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Trump trade: Steel stocks are getting whacked on optimism for US-EU




  • Steel stocks were down early Thursday.
  • In an Oval Office meeting Wednesday, President Donald
    Trump and the European Commission President Jean-Claude Juncker
    agreed to work toward “zero” tariffs.
  • Prices of steel have been buoyed by a 25% tariff on the

Steel stocks fell Thursday after President Donald Trump suggested
he would backpedal in a trade face-off with the European Union
that has sent prices of the metal soaring.

The US and European Union won’t move forward with any additional
duties on one another and will work toward “zero tariffs,” Trump
said following a meeting with European Commission President
Jean-Claude Juncker on Wednesday.

“While we are working on this, we will not go against the spirit
of this agreement unless either party terminates the
negotiation,” he said in
a joint press conference with Juncker
. “We also will resolve
the steel and aluminum tariff issues, and we will resolve
retaliatory tariffs.”

Here’s the scoreboard:

US Steel


: -2.76%

As part of broader efforts to rearrange global-trade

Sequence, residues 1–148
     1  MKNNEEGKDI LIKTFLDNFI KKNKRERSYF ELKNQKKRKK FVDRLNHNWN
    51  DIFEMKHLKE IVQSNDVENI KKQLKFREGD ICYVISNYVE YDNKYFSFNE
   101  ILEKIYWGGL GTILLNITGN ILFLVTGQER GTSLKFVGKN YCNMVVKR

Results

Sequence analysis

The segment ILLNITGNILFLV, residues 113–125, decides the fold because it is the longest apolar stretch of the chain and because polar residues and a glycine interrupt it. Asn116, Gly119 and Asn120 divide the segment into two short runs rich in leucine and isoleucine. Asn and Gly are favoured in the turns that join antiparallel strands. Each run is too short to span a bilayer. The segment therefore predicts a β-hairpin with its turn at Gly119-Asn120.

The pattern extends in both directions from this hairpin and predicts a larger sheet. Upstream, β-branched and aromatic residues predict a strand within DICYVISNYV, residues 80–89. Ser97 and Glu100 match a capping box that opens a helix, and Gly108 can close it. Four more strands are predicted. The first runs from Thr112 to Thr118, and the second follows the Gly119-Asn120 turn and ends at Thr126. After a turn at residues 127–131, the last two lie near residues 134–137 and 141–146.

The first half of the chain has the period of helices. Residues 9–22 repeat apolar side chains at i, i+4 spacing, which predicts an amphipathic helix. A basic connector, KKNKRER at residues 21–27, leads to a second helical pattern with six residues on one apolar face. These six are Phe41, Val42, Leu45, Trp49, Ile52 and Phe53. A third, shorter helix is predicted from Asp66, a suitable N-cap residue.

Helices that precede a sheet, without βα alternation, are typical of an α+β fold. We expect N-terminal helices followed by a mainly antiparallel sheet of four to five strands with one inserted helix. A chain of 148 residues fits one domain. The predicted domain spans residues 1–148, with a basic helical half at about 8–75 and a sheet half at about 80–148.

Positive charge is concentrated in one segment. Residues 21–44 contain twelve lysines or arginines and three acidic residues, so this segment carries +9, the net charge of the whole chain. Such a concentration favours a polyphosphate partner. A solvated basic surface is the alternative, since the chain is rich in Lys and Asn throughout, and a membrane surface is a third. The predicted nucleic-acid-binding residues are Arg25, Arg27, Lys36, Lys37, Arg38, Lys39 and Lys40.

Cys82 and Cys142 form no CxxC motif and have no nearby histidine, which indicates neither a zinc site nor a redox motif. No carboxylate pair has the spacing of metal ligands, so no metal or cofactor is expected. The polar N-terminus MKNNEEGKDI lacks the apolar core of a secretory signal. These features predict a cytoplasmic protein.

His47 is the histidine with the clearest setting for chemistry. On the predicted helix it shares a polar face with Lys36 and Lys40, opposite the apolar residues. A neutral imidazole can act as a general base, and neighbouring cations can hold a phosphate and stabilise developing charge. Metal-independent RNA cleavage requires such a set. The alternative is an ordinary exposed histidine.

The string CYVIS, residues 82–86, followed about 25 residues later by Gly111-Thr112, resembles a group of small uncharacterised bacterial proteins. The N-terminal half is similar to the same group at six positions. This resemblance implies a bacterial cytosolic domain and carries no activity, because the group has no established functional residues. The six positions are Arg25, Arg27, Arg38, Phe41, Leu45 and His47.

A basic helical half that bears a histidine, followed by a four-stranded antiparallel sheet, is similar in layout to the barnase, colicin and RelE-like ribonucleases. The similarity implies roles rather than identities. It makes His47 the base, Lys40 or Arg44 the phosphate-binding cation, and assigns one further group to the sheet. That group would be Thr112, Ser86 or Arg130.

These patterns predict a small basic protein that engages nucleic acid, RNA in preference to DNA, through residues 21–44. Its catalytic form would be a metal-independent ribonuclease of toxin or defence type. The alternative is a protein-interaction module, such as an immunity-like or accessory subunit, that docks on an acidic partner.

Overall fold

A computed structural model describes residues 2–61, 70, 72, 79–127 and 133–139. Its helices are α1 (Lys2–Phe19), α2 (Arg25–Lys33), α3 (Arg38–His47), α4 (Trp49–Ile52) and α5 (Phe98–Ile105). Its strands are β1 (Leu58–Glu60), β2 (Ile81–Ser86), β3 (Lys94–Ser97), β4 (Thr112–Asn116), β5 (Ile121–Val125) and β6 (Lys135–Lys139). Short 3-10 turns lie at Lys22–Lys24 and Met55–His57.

relationships, the Trump administration announced tariffs of 25%
on steel and a 10% on aluminum in March. The European Union,
Canada, and Mexico were initially shielded from metal tariffs,
but those exemptions expired in May.

The US has since been in a faceoff with its allies and other
major trading partners, who have imposed billions of dollars
worth of tariffs on American products.

As supply concerns send domestic prices of the metal soaring,
steel workers have welcomed the tariffs. Trump is on Thursday

visiting Granite City Works
, an Illinois plant owned by US
Steel that announced last month tariffs allowed it to increase

But winners from the trade war have been few and far between,
especially in the Midwest. The president’s visit to the region
will come against a backdrop of embattled companies that are
facing financial strain as tariffs raise costs and lower access
to foreign markets. 

Several companies, including General Motors and Harley Davidson,
cited trade policy concerns as they dimmed their 2018 outlooks in
financial reports out this week. On Tuesday, the Trump
administration rolled out a multibillion dollar aid package for
farmers and ranchers hurt by protectionism.

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